“Mele obtained from Kiaaina, of chief stock, reputed to have been born in Kohala in 1817. Much of his life was spent on the island of Kauaʻi. He was related to the Lalakeaʻs (Lalakea is the name of a shark). He died at his home on the Hilo side of Wai.a-ea Stream, near Honolii Gulch, Hilo. By the stream back of his house he once showed me the traces of the ancient road known as Ke Ala.nui Kapala. ʻalaea, traces of which may also be found in the district of Hamakua. He died in February 1922. He had some reputation as a kahuna hana aloha.” (Excerpt by Theodore Kelsey)
Kupuʻeu hou nā moku, ʻeu Haumea
Grow, stir, the islands stir again. Haumea stirs to the first strata above,
Nuʻu ʻakahi lawe pololei i nā moku a pau
She takes charge directly of all the islands,
Kupuʻeu honouli ka lani
They grow, stir and reaches toward the dark sky
Pahakea honua i lau poni nā moku
The earth brightens, the clouds darken,
Hawaiʻi Kuauli ola ka ʻāina
Over the islands of Hawaii of the dark back,
Hoʻomaha ka leo o ka wahine.
The woman silences her voice.
Kiʻekiʻe ka mauna haʻahaʻa ka honua.
The mountains are high, the lowlands are low.
E Haumea paʻi kā i ka lani
O Haumea, push up the heavens,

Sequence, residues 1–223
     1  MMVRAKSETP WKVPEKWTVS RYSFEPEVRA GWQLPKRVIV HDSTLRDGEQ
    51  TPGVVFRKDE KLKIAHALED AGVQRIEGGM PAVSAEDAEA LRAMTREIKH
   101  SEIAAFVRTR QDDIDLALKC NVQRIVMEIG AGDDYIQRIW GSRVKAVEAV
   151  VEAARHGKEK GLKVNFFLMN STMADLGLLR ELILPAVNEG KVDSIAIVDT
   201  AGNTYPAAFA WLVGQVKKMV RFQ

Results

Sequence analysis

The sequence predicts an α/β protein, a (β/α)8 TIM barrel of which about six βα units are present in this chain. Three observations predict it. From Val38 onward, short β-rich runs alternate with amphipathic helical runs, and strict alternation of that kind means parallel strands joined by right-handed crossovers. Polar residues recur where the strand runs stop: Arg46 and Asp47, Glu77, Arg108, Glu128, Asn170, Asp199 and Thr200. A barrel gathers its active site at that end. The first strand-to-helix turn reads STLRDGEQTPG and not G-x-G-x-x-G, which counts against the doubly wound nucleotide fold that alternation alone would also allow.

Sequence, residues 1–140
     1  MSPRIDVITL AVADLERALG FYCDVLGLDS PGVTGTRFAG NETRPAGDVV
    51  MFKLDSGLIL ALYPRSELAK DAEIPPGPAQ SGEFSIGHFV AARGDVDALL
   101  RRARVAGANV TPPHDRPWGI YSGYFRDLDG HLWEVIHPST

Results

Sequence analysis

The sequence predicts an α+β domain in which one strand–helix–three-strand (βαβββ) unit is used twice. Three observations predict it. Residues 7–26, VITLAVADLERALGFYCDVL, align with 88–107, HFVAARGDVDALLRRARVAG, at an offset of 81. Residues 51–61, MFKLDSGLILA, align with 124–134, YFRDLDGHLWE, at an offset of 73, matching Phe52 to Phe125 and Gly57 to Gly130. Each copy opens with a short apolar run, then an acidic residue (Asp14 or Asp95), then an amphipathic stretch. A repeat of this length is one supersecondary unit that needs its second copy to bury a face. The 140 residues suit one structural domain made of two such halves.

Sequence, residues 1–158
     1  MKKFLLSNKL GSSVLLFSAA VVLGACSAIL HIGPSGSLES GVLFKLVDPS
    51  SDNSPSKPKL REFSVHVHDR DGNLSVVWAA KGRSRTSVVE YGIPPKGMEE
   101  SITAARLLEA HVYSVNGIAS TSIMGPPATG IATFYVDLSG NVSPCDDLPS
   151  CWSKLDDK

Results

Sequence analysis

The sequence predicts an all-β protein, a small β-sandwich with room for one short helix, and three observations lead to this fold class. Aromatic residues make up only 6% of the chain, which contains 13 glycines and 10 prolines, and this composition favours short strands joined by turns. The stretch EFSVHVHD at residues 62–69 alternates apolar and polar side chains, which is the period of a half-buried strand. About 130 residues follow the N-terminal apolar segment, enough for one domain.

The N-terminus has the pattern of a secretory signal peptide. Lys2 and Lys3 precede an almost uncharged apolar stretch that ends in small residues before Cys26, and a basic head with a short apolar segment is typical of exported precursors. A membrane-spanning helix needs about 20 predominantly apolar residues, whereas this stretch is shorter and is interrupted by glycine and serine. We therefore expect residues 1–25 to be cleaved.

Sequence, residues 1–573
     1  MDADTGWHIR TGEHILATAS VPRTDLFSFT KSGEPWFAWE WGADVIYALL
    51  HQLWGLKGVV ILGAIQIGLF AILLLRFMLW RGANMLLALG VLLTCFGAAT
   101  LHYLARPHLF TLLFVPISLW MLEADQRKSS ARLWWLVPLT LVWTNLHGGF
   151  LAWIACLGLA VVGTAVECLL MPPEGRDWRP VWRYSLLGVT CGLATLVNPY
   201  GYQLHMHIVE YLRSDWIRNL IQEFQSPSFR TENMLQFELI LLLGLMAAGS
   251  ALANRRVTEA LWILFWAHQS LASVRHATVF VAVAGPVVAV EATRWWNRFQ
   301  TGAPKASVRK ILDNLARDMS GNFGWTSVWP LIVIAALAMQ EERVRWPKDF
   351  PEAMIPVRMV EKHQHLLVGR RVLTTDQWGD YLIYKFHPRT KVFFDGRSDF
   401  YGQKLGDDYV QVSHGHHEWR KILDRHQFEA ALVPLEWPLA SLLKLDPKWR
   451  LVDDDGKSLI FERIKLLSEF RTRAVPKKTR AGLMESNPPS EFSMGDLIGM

ʻOpiʻopi ka honua
Enfold the earth,
Ke kupuʻeu o nā moku ʻehiku.
O wonder worker of the seven islands.
Ka hiki kū ia o Hawaiʻi,
Come thou, stand on Hawaii,
Hōʻike mai i ke aloha nui puni ka ʻāina
Show forth your great love
ʻO Hawaiʻi o Keawe,
All over the land of Hawaii, island of Keawe,
Maui a Kama,
Maui, island of Kama,
Molokaʻi nui a Hina
Great Molokaʻi land of Hina,
Oʻahu o Kākuhihewa,
Oahu island of Kakuhihewa,
Kauaʻi o Manōkalanipō
Kauai of Manokalanipo,
Niʻihau ka palena o nā moku
Niʻihau the endmost island,
And Kaʻula land [of the shark god] Kuhaimoana,
Hōʻike i ka nani o ka ʻāina
Show forth the beauty of the land.
He palena Kaʻula no Hawaiʻi
Kaʻula stands at the boundary of the Hawaiian group
Nihoa kuhikuhi puʻuone
Nihoa is like the prophet that points out the best sites,
Mokumanamana ka palena o ka lā
Arise, sit up, hold fast and let Hawaii stand forever,
A laʻa, a noho, a paʻa,
Arise, sit up, hold fast
A mau loa Hawaiʻi
Let Hawaii stand forever,
ʻĀmama, ua noa a lele wale.
Amama; it is free. My prayer has flown.
Mele are an invaluable primary resource for Hawaiian scholarship and cultural connection. The Welo Hou: Building Connections to the Roberts Mele Collection project, funded in part by the Institute for Museum and Library Services, will improve the digitization, indexing, and accessibility of a unique and treasured collection of mele dating from pre-Western contact to the early 1900s. This pilot project will serve as a model for improved access to and increased engagement with the Bishop Museum Library & Archives’ other mele collections.
Welo Hou, or to unfurl once again, aims to provide more opportunities for researchers of all levels of Hawaiian language and cultural fluency to access the Roberts Collection with ease, and honors the connections between Hawaiian voices of the past and our community of the present.
This project is made possible in part by the Institute of Museum and Library Services NG-04-17-0218-17